When is a car not a car?
When it turns into a parking lot.
When it turns into a parking lot.
This disheveled-looking guy walks into a bar. He sits down and orders astiff drink. The bartender says, "What's eating you?"The guy says, "My wife left me this morning, I got laid off this afternoon,my car got wrecked earlier tonight, and my dog died in the vet's office."The bartender says, "Wow! I forgot the punchline!"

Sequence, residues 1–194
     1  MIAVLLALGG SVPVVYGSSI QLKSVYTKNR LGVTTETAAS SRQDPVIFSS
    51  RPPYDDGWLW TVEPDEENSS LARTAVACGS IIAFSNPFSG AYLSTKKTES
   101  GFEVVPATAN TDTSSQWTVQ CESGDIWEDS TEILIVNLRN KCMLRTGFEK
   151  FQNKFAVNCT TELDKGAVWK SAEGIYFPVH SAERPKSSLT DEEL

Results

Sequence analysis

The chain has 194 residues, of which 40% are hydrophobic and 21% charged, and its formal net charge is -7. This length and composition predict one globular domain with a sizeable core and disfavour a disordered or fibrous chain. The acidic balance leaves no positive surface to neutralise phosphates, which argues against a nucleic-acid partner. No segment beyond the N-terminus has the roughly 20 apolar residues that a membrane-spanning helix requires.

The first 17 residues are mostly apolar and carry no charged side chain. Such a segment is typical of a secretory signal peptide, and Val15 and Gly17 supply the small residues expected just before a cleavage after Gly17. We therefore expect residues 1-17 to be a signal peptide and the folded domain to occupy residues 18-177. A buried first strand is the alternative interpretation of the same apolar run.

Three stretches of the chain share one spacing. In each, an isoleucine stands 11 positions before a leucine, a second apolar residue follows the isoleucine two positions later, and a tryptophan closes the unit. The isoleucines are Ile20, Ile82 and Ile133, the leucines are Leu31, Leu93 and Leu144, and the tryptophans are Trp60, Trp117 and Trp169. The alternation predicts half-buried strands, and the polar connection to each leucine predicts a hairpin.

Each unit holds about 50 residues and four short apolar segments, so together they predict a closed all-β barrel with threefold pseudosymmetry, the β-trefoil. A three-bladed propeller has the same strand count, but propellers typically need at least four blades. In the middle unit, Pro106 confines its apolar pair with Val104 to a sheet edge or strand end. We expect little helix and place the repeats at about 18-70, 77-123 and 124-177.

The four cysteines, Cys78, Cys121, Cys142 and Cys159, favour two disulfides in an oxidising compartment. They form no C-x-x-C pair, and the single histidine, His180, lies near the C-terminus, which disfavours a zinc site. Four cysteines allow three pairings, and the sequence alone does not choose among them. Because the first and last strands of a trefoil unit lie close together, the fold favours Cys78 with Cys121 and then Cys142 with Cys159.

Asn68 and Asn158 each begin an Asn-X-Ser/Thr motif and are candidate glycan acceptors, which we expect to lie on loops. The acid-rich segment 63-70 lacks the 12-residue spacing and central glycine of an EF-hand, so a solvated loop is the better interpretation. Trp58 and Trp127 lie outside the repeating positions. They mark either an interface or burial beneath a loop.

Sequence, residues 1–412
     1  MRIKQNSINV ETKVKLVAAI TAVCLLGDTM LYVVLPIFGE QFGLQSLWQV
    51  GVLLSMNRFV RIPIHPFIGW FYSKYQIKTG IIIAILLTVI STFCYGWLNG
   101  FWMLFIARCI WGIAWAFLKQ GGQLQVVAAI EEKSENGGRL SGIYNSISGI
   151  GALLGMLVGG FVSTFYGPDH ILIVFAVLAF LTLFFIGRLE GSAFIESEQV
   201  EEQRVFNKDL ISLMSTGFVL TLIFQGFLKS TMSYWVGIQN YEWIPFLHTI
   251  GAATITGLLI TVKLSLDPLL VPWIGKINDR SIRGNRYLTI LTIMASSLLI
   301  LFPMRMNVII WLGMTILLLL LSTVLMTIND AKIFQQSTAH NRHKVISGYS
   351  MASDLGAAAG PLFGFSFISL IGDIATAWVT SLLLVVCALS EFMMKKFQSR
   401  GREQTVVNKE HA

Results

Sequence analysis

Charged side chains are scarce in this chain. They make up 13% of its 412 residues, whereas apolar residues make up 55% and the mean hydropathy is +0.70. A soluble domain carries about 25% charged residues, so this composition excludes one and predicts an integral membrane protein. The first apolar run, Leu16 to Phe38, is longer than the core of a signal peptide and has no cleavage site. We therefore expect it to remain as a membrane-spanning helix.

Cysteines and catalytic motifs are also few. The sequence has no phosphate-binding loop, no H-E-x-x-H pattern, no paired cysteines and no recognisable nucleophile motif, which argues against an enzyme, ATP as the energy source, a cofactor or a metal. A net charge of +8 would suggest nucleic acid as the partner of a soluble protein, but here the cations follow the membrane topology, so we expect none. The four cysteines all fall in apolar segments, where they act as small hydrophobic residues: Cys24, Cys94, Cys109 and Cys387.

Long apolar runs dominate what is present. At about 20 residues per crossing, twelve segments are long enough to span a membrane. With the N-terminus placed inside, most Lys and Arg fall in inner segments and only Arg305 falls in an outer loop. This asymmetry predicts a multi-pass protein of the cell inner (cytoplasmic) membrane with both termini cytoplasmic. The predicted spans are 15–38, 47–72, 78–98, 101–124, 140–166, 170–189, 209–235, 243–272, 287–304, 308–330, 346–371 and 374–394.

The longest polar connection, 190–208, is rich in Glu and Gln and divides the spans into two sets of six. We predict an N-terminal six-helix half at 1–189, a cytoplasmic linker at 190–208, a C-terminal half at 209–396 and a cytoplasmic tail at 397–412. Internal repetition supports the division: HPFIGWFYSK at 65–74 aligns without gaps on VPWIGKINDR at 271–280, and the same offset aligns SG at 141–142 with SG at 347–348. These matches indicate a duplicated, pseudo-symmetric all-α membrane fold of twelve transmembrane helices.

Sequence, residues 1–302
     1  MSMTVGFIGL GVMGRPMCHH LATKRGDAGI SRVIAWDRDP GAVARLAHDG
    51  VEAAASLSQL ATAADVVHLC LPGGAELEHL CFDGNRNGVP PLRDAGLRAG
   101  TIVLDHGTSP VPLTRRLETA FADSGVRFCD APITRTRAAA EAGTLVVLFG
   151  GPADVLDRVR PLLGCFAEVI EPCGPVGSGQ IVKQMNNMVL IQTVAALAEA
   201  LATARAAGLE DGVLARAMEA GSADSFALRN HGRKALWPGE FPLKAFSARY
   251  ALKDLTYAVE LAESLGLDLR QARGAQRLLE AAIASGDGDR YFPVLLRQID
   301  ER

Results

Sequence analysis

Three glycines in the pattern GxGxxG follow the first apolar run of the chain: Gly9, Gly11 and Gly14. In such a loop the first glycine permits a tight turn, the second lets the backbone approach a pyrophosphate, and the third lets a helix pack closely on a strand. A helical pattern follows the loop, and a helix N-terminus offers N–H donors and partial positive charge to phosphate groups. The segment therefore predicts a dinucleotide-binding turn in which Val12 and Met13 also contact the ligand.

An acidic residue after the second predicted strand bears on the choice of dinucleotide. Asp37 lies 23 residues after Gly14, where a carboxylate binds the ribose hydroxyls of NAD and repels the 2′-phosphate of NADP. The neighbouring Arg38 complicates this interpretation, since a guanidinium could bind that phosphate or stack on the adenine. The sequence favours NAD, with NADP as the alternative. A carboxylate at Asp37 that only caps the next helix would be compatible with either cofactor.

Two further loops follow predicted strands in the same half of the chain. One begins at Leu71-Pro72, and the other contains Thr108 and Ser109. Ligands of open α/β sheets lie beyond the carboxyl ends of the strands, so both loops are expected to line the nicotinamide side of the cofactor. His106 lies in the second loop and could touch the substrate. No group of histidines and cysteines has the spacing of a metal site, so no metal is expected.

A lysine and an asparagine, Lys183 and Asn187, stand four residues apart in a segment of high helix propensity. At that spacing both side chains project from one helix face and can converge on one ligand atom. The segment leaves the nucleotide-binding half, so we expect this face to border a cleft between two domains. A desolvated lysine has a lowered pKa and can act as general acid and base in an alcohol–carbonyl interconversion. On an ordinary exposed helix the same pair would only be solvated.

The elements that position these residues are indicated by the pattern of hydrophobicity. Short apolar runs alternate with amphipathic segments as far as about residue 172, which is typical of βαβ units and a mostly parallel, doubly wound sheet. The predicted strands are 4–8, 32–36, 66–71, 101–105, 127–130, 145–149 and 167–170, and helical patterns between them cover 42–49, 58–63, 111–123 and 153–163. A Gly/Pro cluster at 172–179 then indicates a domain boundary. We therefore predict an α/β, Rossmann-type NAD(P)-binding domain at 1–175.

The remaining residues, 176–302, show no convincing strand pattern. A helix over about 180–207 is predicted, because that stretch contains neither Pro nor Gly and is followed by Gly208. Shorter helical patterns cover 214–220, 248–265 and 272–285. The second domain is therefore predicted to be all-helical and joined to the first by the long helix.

I used to own a car that never seemed to run properly. It was a brokeswagen.